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barn light electric manufacturing

Behind the Scenes | Barn Light Electric R&D Team Gets Creative

His work area is scattered with pieces and parts, an odd jumble of hardware, light shades, and wires. But while it may seem like a junk drawer exploded over his desk, Charles “Butch” Bragg sees all of these pieces as endless potential for new lighting. This is the heart of Barn Light Electric’s Research & Development operation where Butch and his fellow team members are always on the hunt for ways to improve the lighting we make and create new fixtures with inspiration from this vast collection of parts.


“I receive project concepts in the form of pictures or a light fixture, then I create prototypes in collaboration with other team members,” Butch says. “We make decisions about what the best approach would be to get something into production.”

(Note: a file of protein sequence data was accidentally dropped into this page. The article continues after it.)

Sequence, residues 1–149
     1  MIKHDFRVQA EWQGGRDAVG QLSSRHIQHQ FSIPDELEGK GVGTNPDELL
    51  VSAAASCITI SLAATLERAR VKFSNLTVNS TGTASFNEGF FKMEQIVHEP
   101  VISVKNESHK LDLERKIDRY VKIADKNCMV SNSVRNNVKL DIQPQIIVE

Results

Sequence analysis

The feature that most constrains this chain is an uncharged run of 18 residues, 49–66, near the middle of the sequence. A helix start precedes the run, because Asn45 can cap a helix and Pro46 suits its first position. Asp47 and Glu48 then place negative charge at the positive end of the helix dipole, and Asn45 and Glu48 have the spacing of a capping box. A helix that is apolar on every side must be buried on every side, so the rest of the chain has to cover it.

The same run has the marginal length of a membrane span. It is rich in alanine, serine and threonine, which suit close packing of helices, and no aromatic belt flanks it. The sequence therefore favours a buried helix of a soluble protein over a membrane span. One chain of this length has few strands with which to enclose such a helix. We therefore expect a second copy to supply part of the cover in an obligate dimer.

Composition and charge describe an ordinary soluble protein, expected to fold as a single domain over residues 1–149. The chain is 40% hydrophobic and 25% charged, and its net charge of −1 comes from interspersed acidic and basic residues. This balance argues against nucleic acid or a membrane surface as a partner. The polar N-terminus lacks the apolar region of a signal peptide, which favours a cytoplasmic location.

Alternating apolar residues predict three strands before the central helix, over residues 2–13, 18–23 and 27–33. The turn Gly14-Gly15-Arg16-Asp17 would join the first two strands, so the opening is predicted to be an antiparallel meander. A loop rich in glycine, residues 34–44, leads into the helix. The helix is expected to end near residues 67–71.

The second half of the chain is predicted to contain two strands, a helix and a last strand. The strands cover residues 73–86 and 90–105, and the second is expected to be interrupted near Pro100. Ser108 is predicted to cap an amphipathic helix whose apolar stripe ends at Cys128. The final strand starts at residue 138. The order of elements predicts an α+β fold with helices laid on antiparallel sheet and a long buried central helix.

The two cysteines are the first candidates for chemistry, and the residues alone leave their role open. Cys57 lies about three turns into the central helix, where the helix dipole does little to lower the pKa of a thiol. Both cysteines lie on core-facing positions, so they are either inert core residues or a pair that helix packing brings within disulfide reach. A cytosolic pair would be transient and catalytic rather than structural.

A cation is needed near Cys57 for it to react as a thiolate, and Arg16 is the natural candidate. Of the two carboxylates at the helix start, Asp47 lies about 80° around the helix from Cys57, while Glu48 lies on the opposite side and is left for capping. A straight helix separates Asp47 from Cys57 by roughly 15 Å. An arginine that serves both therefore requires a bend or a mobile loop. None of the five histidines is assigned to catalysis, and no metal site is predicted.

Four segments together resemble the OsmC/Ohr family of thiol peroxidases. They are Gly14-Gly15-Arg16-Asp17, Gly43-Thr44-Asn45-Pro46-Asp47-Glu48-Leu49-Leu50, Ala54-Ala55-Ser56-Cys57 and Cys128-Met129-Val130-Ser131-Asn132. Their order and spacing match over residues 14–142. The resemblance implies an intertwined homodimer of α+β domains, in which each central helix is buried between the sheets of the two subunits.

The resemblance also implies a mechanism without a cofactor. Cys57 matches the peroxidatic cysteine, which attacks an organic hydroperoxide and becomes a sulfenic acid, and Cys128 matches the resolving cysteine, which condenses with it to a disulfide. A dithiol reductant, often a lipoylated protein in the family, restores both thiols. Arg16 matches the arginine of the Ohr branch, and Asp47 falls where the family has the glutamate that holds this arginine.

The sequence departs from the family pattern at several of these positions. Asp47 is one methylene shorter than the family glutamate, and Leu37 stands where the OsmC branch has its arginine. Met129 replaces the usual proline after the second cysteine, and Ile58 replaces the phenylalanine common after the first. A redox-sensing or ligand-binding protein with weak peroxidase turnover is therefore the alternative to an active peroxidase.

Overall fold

Originally from West Virginia where he worked in the coal mines, Butch moved to the Space Coast in the late 80s where he worked as a collision repair tech before coming to Barn Light Electric almost six years ago. He enjoys the challenge of always looking for something new to create.


“The hardest thing about my job is finding the best mix of quality coupled with ease of assembly and cost efficiency,” Butch notes. “The best kind of day is when I get a new project and the liberty to be creative.”


One of the most recent projects Butch helped develop was the incorporation of an LED module into cast guard-and-glass fixtures. These rustic, nautical-style lights are very popular, but are difficult to find with an integrated LED light source. The fixtures in the LED Collection are not only hand-crafted but feature the added bonus of 50,000 hours of bright, energy-efficient light.


In his spare time, Butch enjoys fishing, fly tying, golfing, working with wood, and riding his Harley. He and wife Patricia love to vacation in the mountains and spend time with their two sons and two grandchildren. The positive attitude that Butch brings to work each day is infectious, and he holds gratitude meetings three days a week.


“It’s a great opportunity to pass along contagious optimism to so many of my wonderful co-workers,” Butch says. “A positive attitude is something you can’t possibly pass on without keeping some for yourself. I call that gratitude adjustment!”

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